I have recently decided to return to my roots as a dyed-in-the-wool anti-corporate guy. Here's one incident that helped push me in the right direction.
I downloaded the latest version of Adobe Reader. It installed a rogue application (rather like a virus, it's a program that you didn't invite that hides in the background and violates your rights) called "Adobe Updater." My firewall software didn't block it, since it thought it was a regular program.
I only noticed it a few days later when I tried to use some of my software. Recently, Adobe bought its only real competitior, Macromedia, in what was certainly one of the worst cases of anti-trust violation in the software world. Since they now owned the rights to this software, Adobe Updater decided to block my ability to use my legally-purchased Macromedia software until I re-registered with them.
Let's be clear: I own this software. I didn't steal it. This little rogue application that I did not agree to have on my computer changed my certification files so I couldn't use my software. It took a couple of days essentiall hacking my own operating system to delete these configuration files and replace them with the original ones. I also found out how to turn off this malicious program. There's not an option: you have to edit registration files and so forth.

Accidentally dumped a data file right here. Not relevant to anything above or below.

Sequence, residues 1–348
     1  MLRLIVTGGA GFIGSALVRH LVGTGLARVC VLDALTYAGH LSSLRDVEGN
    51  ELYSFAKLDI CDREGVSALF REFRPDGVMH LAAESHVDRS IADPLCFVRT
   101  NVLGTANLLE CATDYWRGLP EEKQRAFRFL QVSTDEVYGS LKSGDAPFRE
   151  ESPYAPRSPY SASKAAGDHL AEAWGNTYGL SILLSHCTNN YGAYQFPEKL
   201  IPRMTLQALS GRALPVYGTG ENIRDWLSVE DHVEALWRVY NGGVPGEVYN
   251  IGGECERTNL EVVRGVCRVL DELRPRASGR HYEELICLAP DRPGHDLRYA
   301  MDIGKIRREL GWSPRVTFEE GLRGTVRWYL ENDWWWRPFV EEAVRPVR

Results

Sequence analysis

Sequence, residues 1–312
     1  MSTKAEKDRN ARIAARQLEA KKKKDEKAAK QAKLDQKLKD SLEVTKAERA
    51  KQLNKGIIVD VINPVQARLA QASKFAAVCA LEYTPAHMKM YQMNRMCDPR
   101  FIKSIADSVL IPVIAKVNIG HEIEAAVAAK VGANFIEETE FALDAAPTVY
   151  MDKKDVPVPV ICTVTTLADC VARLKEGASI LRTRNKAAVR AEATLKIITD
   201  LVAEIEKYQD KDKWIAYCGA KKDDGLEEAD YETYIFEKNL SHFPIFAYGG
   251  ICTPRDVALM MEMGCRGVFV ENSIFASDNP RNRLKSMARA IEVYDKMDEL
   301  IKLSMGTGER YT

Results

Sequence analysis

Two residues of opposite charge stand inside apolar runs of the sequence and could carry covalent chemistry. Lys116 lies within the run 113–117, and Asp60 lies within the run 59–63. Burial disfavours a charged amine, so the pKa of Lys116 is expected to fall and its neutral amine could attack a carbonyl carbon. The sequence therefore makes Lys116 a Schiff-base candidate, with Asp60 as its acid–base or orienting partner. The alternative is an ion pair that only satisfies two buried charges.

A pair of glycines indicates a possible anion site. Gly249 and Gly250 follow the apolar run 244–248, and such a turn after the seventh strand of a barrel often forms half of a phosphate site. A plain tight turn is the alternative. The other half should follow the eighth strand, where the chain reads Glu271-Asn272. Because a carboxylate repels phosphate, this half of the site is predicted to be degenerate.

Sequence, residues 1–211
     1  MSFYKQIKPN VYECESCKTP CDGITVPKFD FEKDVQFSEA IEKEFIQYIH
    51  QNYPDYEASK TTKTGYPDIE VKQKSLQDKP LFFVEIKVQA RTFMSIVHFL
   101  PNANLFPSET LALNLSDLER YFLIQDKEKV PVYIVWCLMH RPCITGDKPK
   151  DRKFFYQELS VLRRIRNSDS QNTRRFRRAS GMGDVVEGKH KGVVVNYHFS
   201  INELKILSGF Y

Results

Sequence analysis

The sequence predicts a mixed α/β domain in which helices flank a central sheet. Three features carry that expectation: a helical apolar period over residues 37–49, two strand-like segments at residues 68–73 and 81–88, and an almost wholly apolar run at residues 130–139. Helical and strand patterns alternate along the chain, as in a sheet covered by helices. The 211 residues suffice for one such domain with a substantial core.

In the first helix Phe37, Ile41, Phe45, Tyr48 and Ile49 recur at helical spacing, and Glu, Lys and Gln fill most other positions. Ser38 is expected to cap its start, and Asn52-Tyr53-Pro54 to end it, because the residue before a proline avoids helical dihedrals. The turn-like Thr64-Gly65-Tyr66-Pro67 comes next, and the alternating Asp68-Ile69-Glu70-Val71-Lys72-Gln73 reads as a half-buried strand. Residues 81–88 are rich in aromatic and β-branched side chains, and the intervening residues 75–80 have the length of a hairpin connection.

So now I don't use any Adobe products. I found a little program called SumatraPDF, which so far has opened every .pdf file I have tried. And it's free.
I am replacing all my Adobe and Macromedia products with open source software wherever possible. If there isn't an open source version, I am buying software that doesn't have DRM.
I'm an honest person. Adobe's piracy problems are just that; their problems. It doesn't give them the right to violate the integrity of my privacy. They are creating their own piracy problems by bullying their customers.
John Fekner, Stavanger, Norway
2 days ago